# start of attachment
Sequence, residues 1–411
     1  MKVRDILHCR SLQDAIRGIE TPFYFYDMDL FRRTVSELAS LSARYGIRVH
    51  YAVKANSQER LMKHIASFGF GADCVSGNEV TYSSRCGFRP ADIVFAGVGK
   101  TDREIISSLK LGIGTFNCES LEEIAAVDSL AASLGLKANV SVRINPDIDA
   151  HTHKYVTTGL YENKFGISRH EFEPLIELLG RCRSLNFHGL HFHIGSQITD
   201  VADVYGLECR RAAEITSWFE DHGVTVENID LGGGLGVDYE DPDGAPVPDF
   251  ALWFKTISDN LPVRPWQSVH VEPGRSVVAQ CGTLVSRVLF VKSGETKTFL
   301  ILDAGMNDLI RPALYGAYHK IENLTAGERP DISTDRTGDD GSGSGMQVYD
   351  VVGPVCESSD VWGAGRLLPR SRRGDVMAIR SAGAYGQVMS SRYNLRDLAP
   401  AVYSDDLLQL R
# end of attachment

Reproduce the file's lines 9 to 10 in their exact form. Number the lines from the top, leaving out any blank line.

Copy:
   351  VVGPVCESSD VWGAGRLLPR SRRGDVMAIR SAGAYGQVMS SRYNLRDLAP
   401  AVYSDDLLQL R